Originally the codename for an internal 3D engine under development at dotBunny in late 2005. The ethos behind its design principles were easily ported over to the Unity game engine by @reapazor when the studio fully adopted the then young engine in early 2006.

On the project was first committed to GitHub as an open sourced project, while the Unity Asset Store release came much later on due to the numerous restrictions placed on distributed packages by Unity.

Nothing says corporate obsolescence like huge charts everywhere!

Unity Asset Store Downloads By Month

Lines Of Code


Hydrogen is maintained by a small group of invaluable core contributors.

It has been an incredible journey from the initial point of releasing Hydrogen out into the open, to where we have gotten now.

We could not have done it without the support of the awesome Unity community, our industry friends, and our families. We would also like to say a special thank you to a few other entities that have made this project possible.

AAD Productions

AAD Productions Funding

Thanks to this wonderful team we have been able to add some useful functionality for everyones benefit.


FunkyRustic Audio Assets

All audio tracks have been graciously donated to the project by this AAA production studio.

This project is about empowering the community to make great content with Unity.

Every developer out there at some point has gotten something wonderful from the Unity community. This is "our" way of giving back to the community, and we would love to have your assistance at making it better!

When you cease to make a contribution, you begin to die.

Eleanor Roosevelt


So you want to be awesome eh? Sounds good to me! How do you do that? Follow these steps to greatness!

Step 1 - Fork It! (aka Clone Your Own)

Assuming that you already have GIT setup and have a general understanding of how to use it, the first major thing is to fork the existing project on GitHub so that you can make some wonderful additions in your own protected workspace.

What repository do I fork/clone do you ask? That question is tricky, for the average person wanting to contribute to the project, you are going to want to work with the base repository available at:

$ git clone https://github.com/dotBunny/Hydrogen.git Hydrogen

However, some adventuresome individuals may want to get their hands dirty and work on the whole package, from the documentation, to the website, its all available via:

$ git clone https://github.com/dotBunny/Hydrogen-Package.git Hydrogen-Package

The package version has numerous submodules already linked inside of it, so make sure you are doing a recursive clone.

Fork Tutorial

GitHub provides a lovely tutorial available here that seriously can't be beat.

There are two repositories available to be forked/cloned, the first being the primary library repository available at https://github.com/dotBunny/Hydrogen-Package. https://github.com/dotBunny/Hydrogen

Step 2 - Make Something Awesome

This can be as simple as a bug fix or an optimization, or if you are feeling adventurous a whole new feature.

Step 3 - Pull Request

Now you need to notify us about the addition and we will need to review it before it gets added to the main development repository. Thankfully, GitHub has a wonderful way of doing that through their Pull Request system.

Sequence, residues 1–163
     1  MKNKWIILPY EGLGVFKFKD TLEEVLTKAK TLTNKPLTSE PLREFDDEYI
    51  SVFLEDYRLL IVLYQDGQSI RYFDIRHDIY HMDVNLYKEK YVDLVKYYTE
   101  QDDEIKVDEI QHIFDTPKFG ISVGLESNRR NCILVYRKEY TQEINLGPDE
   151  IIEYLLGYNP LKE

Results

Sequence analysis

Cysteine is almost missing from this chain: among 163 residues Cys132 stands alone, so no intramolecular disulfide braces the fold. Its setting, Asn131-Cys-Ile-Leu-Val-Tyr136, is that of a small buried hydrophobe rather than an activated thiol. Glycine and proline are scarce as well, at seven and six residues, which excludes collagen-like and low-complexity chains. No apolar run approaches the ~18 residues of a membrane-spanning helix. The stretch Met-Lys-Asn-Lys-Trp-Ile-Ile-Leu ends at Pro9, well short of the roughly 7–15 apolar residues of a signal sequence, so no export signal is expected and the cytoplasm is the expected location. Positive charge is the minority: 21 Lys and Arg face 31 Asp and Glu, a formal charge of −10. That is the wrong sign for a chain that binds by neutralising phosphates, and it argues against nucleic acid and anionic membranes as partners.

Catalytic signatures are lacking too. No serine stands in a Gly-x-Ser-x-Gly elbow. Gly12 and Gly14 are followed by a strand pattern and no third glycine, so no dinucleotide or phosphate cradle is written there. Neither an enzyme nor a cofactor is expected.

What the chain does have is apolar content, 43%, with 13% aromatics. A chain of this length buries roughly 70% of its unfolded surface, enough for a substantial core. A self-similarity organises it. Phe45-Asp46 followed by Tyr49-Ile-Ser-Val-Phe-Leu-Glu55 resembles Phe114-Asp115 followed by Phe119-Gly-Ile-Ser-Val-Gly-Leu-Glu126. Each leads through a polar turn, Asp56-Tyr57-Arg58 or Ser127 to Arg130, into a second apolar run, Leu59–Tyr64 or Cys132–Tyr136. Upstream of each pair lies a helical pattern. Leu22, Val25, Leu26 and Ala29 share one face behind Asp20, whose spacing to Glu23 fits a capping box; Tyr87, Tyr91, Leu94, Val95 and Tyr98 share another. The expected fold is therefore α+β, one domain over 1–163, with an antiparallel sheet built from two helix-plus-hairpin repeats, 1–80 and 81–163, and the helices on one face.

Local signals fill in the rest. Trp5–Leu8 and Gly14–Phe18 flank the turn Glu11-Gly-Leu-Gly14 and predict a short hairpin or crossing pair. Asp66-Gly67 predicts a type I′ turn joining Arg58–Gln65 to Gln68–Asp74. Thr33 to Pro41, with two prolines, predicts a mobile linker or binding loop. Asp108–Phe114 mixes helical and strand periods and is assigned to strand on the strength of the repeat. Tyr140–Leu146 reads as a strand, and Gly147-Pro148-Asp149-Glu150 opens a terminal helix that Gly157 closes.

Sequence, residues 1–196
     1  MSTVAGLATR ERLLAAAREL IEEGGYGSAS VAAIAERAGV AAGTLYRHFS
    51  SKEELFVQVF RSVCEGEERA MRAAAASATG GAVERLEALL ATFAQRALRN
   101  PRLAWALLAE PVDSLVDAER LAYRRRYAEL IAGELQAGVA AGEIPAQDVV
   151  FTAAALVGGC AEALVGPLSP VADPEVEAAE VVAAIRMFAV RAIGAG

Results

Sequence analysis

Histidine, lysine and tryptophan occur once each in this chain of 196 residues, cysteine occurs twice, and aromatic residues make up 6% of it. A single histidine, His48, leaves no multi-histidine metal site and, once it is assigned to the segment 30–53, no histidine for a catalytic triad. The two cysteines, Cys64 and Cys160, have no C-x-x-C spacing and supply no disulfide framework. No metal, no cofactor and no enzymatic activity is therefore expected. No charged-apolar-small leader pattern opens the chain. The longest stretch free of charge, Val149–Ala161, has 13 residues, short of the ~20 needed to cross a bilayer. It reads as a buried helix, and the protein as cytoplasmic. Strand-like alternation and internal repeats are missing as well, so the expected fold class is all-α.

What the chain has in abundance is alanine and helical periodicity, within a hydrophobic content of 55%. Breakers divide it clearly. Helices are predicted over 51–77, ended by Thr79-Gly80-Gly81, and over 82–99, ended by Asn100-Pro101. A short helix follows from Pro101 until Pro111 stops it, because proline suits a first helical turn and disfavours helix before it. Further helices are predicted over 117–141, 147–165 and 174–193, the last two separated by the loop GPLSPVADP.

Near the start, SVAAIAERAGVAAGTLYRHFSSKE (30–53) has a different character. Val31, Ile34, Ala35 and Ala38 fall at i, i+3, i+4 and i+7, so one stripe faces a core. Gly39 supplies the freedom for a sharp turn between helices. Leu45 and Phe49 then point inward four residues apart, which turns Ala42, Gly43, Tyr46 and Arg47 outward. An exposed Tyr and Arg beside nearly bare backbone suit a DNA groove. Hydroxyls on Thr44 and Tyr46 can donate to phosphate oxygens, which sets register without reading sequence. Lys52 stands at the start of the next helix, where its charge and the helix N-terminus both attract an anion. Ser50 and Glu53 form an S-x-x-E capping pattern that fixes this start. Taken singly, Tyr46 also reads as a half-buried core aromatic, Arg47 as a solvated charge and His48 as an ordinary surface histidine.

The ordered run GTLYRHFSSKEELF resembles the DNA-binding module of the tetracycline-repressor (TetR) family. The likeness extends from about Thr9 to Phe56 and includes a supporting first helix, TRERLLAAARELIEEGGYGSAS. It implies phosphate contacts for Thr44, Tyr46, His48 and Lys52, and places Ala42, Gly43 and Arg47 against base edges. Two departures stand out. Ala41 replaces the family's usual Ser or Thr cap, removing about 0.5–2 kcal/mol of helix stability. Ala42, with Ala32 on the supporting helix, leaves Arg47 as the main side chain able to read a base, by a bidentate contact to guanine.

Pull Tutorial

GitHub, yet again provides a lovely tutorial available here.

Step 4 - Good Karma

You've done it, you've now contributed to this wonderful project and have been bestowed with the good feeling deep down inside that you have given back something to the community that has been there for you in the past, and will be there for you in the future.

Code Format

We use Xamarin Studio for all of our day to day operations; Unity's bundled MonoDevelop is an older version of it. Now, before you ask why Unity isn't using the latest and greatest, it isn't because they do not want too. Unity's implementation is limited by the version of Mono bundled with it. That version is tied to the major release number of Unity, as they do not break backwards compatibility on sub-releases. Currently, the bundled version doesn't support the built in Code Analysis features, however someday it hopefully will, therefore the Mono code formatting option is used.

Coding Conventions

We try to following the normal .NET naming conventions where we can, with some adjustments to try and follow along Unity's own nomenclature. We try and avoid appending some of the standard things such as "Controller" or "Manager" onto our classes. Microsoft has a very thorough naming conventions guide available here on some basic practices when it comes to how to properly name .NET variables, methods, classes, etc.

Private Member Variables

We currently use the practice of naming our private variables with a proceeding underscore.

public class HelloWorld
		public string MyMessage = "Ping";
		private string _messageResponse = "Pong";

Component Model

A guiding principle in Hydrogen's design is that a user can implement it however they want, but we do try and show them a good way of doing it. It is with that in mind that the 'h' prefixed classes came to be. Each one of them is an implementation of a class tucked away nicely in the Hydrogen namespace. This design has some interesting benefits, particularly in avoiding collisions with other classes and allowing for interesting permutations.


The project uses the XML Documentation guidelines set forth by Microsoft, available here.

More awesomeness, more examples, easier to use, more documentation!

There are lots of things that we would like to see ported over to Hydrogen from some of the internal codebases of dotBunny, but this still remains a side project during regular work hours. So long as Unity keeps on taking leaps and bounds forward, you can expect to see this framework follow suit in making sure to adequately supplement what Unity lacks.